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I A Function for multiple 2D Gaussians

  1. Mar 9, 2017 #1
    I'm trying to put together a function that sums multiple 2D Gaussian functions in one graph (i.e.; multiple Gaussian pyramids).

    So far from my research, I formed the following function definition:
    Screen Shot 2017-03-09 at 9.42.13 PM.png

    I'm not sure if my research led me to the correct way of forming the function. Is this how Gaussians can be represented to give me a graph of multiple Gaussians in one surface?
     
  2. jcsd
  3. Mar 9, 2017 #2

    BvU

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    Yes. Kind of a landscape pocked with lots of hills.
     
  4. Mar 9, 2017 #3
    Yes, that's what I'm looking for. But I'm worried about the notation, and placement of the i
    Is it also correct for me to say ΣGaussians to represent how many hills, n? - Or there's a more formal notation for that?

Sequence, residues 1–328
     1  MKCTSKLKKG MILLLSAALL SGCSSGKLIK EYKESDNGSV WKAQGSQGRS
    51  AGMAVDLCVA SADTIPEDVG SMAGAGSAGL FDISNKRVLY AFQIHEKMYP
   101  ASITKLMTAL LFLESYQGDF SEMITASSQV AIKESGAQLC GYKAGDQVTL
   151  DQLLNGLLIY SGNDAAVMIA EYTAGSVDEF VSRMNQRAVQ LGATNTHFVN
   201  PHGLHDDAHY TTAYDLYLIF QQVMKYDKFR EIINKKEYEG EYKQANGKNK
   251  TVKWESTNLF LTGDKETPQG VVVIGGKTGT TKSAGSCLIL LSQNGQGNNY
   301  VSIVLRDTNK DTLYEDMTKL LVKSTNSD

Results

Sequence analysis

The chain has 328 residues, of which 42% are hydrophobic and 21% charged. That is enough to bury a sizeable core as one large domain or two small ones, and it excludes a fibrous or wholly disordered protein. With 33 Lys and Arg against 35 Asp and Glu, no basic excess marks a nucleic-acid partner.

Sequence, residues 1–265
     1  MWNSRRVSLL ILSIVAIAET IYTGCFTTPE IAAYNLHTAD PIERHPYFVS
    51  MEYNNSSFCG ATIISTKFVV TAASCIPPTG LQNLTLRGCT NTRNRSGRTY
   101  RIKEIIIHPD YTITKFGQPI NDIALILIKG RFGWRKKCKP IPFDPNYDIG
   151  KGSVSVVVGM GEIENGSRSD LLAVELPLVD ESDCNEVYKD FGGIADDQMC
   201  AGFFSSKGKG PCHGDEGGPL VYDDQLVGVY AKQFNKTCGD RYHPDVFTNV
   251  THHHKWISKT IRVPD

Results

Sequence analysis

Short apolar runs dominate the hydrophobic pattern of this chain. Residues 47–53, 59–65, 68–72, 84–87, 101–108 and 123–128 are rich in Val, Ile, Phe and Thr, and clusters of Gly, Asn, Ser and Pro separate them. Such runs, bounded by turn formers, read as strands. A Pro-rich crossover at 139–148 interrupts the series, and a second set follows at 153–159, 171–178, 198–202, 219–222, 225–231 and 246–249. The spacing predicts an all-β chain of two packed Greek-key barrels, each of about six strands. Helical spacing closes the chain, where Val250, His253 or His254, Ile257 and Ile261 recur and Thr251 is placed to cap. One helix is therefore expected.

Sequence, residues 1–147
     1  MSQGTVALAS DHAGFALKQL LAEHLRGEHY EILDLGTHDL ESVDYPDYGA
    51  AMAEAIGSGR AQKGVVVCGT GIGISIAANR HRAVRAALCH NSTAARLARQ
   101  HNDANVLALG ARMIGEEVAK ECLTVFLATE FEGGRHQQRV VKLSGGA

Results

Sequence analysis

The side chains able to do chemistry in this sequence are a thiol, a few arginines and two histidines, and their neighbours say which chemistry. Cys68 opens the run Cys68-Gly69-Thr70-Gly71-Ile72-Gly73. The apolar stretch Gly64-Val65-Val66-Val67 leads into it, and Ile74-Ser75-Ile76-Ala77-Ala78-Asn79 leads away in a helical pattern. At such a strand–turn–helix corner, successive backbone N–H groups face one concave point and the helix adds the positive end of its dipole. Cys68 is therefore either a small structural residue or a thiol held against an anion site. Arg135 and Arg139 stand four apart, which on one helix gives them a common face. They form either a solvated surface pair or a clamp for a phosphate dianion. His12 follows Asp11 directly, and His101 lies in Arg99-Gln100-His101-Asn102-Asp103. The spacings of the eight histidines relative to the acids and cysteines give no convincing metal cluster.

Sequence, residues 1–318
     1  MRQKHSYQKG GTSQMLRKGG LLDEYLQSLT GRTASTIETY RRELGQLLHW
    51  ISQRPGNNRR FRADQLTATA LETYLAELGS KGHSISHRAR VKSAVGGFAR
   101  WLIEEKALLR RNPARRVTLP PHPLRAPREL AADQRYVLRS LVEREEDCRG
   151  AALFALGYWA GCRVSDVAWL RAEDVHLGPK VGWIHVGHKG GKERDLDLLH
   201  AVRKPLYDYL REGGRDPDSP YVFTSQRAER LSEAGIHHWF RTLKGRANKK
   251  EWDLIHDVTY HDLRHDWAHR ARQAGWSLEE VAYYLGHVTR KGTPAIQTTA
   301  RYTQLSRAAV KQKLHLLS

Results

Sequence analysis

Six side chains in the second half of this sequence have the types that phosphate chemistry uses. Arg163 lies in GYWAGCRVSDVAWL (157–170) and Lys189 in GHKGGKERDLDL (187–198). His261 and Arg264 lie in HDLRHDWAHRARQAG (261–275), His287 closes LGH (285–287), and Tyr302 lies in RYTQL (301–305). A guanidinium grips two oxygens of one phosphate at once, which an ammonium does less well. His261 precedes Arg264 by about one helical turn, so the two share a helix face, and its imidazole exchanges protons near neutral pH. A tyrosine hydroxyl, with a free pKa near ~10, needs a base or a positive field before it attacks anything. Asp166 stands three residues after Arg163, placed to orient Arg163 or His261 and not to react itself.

5. Mar 9, 2017 #4

    BvU

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    Yes, I would say ##n## is the count of the hills. You confuse the issue somewhat by using the symbol ##f## twice.
     
  6. Mar 9, 2017 #5
    Would it be more proper/clearer to use only the first ##f## and go on directly to saying ##=... ## instead of redefining what ##f## function is?


    Thank you for your answer and affirmation.
     
    Last edited: Mar 9, 2017
  7. Mar 9, 2017 #6

    BvU

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    Either that, or you use a symbol g for a single gaussian:
    upload_2017-3-9_13-57-54.png

    I take it you want to pass ##f## to a surface plot program or something.
     
  8. Mar 9, 2017 #7

    mfb

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    I would put the index i next to the function name: ##g_i(x,y)##

    "f(gaussians)" doesn't make sense. f is a function of x and y: f(x,y).
     
  9. Mar 11, 2017 #8
    Great, thank you for your tip.
     
  10. Mar 11, 2017 #9
    I just realised that, thank you for pointing this out. You're right.
    Thank you very much
     
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